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The Longest Canal in China

The Grand Canal in China or Beijing-Hangzhou Grand Canal is a 1,700-kilometer-long water conservancy project in ancient China. It begins at Beijing and ends at Hangzhou. It is the longest canal in China as well as in the world.
First constructed at the end of Spring and Autumn Period in the 5th century B.C., Grand Canal has played an important role in the development of water, conservancy and the economic as well as cultural exchange between the northern part and the southern part. It now becomes a distinguishing cultural site.

Different from most rivers in China which flow from west to east, the Grand Canal is a connector between the north and south from the Yangtze River Valley to the northern part, linking Haihe River, Yellow River, Huaihe River, Yangtze River, and Qiantang River. Due to its running direction, the Grand Canal played is very important role during the ancient time in economic industry.

Although the Grand Canal is not as an economic tie nowadays, it still is a key system for water diversion. The Beijing-Shanghai Railway and sophisticated road systems have marginalized the canal as an important means of transportation, although parts of it, mainly the central and southern sections, are still in use.
The Longest Canal in China-The Grand Canal

Brief History

The Grand Canal is the oldest and longest canal in the world and it is the only one canal that was constructed for water transport of grains from south and east part of China to the Capital in ancient times. The Grand Canal of Sui and Tang Dynasties (Sui and Tang Dynasties: 581-907) and the Yuan Dynasty (1271-1368) Grand Canal are the main body of the existing one. The Grand Canal boasts water facilities such as gates, dams, river course, water source projects, water control projects and others.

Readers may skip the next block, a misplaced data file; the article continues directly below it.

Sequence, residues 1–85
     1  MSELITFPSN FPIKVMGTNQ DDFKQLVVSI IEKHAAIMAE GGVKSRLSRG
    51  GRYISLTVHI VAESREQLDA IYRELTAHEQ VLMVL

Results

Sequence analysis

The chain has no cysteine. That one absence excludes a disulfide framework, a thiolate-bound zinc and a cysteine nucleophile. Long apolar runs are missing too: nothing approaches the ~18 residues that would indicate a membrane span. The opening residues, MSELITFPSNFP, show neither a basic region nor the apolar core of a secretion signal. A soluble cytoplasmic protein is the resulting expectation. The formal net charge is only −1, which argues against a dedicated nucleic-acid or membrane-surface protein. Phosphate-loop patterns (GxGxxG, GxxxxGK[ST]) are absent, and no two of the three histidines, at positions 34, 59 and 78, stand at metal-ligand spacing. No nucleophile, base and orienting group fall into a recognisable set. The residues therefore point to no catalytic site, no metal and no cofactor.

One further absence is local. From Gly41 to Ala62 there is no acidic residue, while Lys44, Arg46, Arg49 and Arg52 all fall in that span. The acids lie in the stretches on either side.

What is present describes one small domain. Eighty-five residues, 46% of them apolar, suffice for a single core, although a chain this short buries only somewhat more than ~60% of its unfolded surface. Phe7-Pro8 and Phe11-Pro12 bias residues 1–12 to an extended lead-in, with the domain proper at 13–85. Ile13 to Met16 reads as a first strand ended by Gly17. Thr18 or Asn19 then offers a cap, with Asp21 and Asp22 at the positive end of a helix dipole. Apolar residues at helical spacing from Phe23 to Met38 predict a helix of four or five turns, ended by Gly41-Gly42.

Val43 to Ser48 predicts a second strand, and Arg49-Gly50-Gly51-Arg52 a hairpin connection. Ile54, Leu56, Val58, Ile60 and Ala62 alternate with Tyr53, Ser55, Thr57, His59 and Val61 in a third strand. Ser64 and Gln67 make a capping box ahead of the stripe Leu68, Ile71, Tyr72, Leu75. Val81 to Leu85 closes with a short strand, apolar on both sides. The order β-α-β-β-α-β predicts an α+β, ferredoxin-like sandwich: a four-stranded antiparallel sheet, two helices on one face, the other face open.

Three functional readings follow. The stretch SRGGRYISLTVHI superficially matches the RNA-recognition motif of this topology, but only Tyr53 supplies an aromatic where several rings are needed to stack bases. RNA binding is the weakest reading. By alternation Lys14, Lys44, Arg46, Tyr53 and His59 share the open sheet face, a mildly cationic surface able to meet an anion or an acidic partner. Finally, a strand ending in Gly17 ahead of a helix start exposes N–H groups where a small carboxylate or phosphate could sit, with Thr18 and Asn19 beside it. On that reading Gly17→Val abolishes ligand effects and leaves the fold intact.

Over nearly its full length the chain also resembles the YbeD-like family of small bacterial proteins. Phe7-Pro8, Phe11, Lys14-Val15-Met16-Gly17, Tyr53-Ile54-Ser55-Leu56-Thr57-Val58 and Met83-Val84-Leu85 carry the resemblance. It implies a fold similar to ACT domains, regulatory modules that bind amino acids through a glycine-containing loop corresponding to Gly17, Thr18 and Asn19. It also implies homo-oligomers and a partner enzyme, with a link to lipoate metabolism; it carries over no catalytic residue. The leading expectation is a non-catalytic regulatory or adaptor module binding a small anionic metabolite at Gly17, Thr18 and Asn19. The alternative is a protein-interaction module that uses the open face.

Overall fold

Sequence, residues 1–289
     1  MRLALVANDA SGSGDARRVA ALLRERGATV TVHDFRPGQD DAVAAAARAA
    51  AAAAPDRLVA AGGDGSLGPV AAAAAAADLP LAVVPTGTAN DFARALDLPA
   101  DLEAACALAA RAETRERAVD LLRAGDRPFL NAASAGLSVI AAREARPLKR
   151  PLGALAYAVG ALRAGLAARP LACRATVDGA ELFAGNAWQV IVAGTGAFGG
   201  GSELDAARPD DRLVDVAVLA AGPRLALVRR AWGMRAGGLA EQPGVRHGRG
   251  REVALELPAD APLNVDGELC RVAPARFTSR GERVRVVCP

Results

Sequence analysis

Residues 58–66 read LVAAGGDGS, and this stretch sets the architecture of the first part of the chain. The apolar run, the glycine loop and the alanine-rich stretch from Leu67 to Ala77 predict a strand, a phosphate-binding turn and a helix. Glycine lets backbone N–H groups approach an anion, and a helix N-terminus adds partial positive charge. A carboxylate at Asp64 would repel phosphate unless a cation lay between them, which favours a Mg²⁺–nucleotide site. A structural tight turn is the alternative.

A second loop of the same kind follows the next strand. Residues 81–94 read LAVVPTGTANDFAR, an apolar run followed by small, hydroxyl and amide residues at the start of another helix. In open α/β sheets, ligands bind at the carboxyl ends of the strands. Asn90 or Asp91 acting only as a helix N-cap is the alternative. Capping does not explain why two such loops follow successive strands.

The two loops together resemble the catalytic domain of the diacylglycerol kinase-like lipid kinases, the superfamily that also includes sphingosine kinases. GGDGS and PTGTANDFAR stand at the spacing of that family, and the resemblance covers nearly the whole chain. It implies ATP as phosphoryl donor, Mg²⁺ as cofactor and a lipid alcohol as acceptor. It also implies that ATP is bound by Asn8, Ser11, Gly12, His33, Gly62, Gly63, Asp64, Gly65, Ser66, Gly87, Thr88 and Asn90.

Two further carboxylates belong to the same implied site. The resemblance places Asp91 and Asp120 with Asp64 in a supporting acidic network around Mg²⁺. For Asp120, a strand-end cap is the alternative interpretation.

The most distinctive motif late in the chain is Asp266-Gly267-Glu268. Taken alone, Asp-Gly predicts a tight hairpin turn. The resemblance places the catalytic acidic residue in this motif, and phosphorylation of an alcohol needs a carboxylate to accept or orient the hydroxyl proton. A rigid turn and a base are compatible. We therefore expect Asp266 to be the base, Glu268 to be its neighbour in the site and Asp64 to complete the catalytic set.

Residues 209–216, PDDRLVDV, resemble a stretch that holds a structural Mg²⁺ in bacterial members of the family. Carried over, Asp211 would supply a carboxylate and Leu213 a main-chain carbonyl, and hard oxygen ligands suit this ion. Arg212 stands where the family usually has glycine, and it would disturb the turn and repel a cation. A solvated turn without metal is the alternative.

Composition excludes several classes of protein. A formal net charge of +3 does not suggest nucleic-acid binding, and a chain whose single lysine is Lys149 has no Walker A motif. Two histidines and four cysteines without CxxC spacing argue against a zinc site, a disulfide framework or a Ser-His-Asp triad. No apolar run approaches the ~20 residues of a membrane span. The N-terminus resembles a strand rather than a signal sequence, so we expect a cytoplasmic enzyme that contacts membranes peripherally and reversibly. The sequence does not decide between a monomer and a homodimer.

Firstly built in 486BC, the Grand Canal was completed during the Sui Dynasty (581-618), with Luoyang as its west end and Yangzhou as its south center. The northernmost is Zhoujun and the Southernmost is Yuhang. As the capital was changed in Yuan Dynasty, the destination of the Grand Canal also has to change. At that time, the canal route was adjusted and the voyage was shortened. And the Beijing Hangzhou Canal was formed. The current total length of the reserved waterway is 1,700 km, of which 70% is still navigable. 

Important Cities along the Grand Canal

The Grand Canal runs through Beijing, Tianjin, Hebei, Shandong, Anhui, Henan, Jiangsu and Zhejiang, eight municipalities and provinces all together. It confluents with Haihe River, the Yellow River, the Huaihe River, the Yangtze River  and the Qiantang River, which are all west-east-flowing rivers.
Beijing -Northern end of the Grand Canal, the capital of China
Tianjin -One of the four municipalities directly under the Central Government in China
Yangzhou-A military fort and a cultural center in ancient times, located in Jiangsu Province
Wuxi -One of the 10 Most Dynamic Cities, located in Jiangsu Province
Suzhou -One of the most beautiful cities in China, the capital of silk, famous for its ancient gardens, located in Jiangsu Province
Hangzhou -capital city of Zhejiang Province, “holy and beautiful paradise on earth”, "first prefecture in southeast”
The Longest Canal in China-The Grand Canal

The Modern Course of Grand Canal

The modern Course of Grand Canal is divided into seven portions as follows:
Jiangnan Canal- The southernmost courts of the Grand Canal. This section is from Hangzhou city to Qiantang River and Yangtze River, which passes several cities such as Zhenjiang, Wuxi, Jiaxing Changzhou and Suzhou City. At the bank of Jiangnan, tourists can visit many attractions, for example, Confucius Temple  and Sun Yat-sen Mausoleum in Nanjing City
Zhong Canal- The “Middle Canal” of the Grand Canal. This section starts from Huaian City and ends at Weishan Lake. There are lots of hotels and resorts nearby the Zhong Canal, together with many shops which sell local artifacts and handcrafted items.  
Northern Canal and Tonghui River- The northern canal takes a northwestern turn and moves towards the tributary of Hai-Yongding. The canal turns to the Tongzhou city and ends at Grand Canal Cultural Park, which is a destination worth visiting.
Li Canal-This section runs from Yangtze Rive to Huaian City, passing Hongze, Shaobo and Gaoyou Lakes. Travelers can enjoy beautiful sceneries of Xiling Gorge and the Huangling Temple which located nearby the banks of the canal.
Southern Canal- Unlike its name, this section is located in the northern part of the Grand Canal. The canal runs from Cangzhou to Dezhou cities and joins in the Hai River.